There is no Waterloo whisky, no Bulge bourbon, no Yorktown cocktail, no Titanic tonic, but there is a war-named cocktail—“Remember the Maine”. Why a cocktail named for a ship that was blown up as a pretext for the Spanish-American War in 1898? Why a cocktail named after a suspicious event that resulted in the deaths of 258 sailors, three-fourths of the ship’s crew? Why a cocktail named for a ship’s destruction that ushered in the era of yellow journalism?
Beats me. Anybody know why?
The Maine was an outdated ship before she was launched in 1890 due to usual things military—a delay in construction and cost overruns, in this case nine years. In January, 1898, she was sent to the Caribbean to protect U.S. interests during the Cuban revolt against Spain. Three weeks later she exploded suddenly without warning and sank quickly, killing almost everyone on board. The cause and responsibility for sinking the Maine remained unclear despite official inquiries. Nevertheless, it was generally assumed that the Americans caused the explosion as a pretext to go to war with Spain on the side of Cuba.
Popular opinion in the U.S. for war with Spain was fanned by inflammatory newspaper articles that would become known as “yellow journalism”—the FoxNews of its day. The phrase “Remember the Maine, to Hell with Spain!” became a rallying cry for action. The war with Spain followed in short order.
Yellow journalism is the use of flashy and misleading headlines, followed by sensational stories that the folks atThinkQuest describe as “biased opinion masquerading as objective fact.” (Hmmm, that sounds like yellow journalism travels under a new name these days.)
In the case of the Maine, the New York Journal and New York World, owned respectively by William Randolph Hearst and Joseph Pulitzer, gave the Maine intense press coverage. Both exaggerated and distorted any information they could attain, sometimes even fabricating “news” when none that fitted their agenda was available. For a week following the sinking, the Journal devoted a daily average of eight and a half pages of news, editorials and pictures to the tragedy.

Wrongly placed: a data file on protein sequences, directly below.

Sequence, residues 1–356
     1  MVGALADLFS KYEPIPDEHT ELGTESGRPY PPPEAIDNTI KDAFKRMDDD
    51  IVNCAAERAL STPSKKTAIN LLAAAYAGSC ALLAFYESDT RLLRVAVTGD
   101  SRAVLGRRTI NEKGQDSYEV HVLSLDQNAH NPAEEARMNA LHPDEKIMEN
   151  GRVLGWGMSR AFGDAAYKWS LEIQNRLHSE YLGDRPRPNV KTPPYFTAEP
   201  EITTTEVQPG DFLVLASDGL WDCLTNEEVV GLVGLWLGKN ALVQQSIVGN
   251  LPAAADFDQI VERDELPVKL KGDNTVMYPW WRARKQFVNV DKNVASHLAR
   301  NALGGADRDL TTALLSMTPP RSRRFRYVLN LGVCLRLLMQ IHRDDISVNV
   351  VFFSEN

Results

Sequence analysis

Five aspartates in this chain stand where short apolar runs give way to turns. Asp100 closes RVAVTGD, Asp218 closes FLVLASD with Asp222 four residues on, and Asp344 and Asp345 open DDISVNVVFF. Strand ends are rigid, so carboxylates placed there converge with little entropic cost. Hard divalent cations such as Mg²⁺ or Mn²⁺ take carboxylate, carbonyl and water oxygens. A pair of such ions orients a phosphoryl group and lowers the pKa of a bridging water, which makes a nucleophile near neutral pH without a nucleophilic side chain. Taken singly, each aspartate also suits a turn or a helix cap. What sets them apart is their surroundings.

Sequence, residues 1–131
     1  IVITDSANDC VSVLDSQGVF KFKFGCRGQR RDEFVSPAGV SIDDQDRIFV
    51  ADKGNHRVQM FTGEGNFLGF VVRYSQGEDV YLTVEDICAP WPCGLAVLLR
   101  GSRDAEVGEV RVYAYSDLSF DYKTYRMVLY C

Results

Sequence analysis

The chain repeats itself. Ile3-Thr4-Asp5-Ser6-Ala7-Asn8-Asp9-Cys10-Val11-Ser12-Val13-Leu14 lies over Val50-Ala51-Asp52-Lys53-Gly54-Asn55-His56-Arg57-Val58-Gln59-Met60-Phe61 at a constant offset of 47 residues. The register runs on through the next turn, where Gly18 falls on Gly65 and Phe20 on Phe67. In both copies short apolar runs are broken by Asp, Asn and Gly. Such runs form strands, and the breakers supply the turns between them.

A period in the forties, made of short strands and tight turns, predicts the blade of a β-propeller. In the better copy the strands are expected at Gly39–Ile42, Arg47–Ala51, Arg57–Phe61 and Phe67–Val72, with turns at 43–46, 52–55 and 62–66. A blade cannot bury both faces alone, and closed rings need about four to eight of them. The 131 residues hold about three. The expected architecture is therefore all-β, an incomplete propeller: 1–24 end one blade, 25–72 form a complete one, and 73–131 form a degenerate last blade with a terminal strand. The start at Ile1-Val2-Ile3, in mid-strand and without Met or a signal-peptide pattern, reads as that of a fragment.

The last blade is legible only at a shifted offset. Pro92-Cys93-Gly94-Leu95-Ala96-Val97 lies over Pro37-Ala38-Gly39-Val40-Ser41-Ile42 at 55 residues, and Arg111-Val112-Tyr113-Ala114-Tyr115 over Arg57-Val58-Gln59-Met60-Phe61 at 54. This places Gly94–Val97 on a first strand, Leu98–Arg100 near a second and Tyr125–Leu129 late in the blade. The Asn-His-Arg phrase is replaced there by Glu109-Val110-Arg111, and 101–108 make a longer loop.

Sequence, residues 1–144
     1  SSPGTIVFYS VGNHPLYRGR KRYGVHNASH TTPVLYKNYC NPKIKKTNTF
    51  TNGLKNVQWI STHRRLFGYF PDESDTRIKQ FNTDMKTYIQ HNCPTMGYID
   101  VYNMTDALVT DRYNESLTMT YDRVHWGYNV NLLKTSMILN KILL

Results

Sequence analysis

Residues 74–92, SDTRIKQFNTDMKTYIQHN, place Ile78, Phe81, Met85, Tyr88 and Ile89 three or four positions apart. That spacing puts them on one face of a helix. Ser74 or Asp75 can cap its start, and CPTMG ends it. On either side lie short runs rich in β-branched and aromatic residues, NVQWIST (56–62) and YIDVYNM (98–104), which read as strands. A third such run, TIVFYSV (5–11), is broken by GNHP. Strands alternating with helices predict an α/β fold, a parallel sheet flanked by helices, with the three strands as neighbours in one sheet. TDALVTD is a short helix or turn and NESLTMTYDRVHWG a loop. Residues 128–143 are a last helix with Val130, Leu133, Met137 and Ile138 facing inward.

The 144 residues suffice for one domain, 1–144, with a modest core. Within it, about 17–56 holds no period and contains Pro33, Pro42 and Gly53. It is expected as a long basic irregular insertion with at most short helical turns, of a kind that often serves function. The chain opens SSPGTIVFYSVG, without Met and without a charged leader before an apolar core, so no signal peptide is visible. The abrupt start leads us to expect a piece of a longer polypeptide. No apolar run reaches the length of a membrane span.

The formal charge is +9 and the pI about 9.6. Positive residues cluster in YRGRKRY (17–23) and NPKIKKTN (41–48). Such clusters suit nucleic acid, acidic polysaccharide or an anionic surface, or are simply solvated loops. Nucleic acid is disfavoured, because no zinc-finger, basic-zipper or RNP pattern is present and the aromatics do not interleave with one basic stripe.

Thirty years later there would be a cocktail created to “commemorate” the event.
Remember the Maine…The Cocktail
- ½ ounce absinthe
- 1½ ounces Bulleit rye whiskey
- ¾ ounce Carpano Antica Formula sweet vermouth
- ¼ ounce Cherry Heering
- 2 dashes Angostura bitters
- Chilled cocktail glass
As Brooks Reitz, an extraordinary bartender at The Ordinary restaurant in Charleston, South Carolina, makes it: Pour the absinthe into a chilled cocktail glass. Swirl it to coat the inside of the glass, pouring out any extra. In a mixing glass, combine the remaining ingredients with ice and stir well. Strain into the prepared glass.As Brooks Reitz, an extraordinary bartender at The Ordinary restaurant in Charleston, South Carolina, makes it: Pour the absinthe into a chilled cocktail glass. Swirl it to coat the inside of the glass, pouring out any extra. In a mixing glass, combine the remaining ingredients with ice and stir well. Strain into the prepared glass.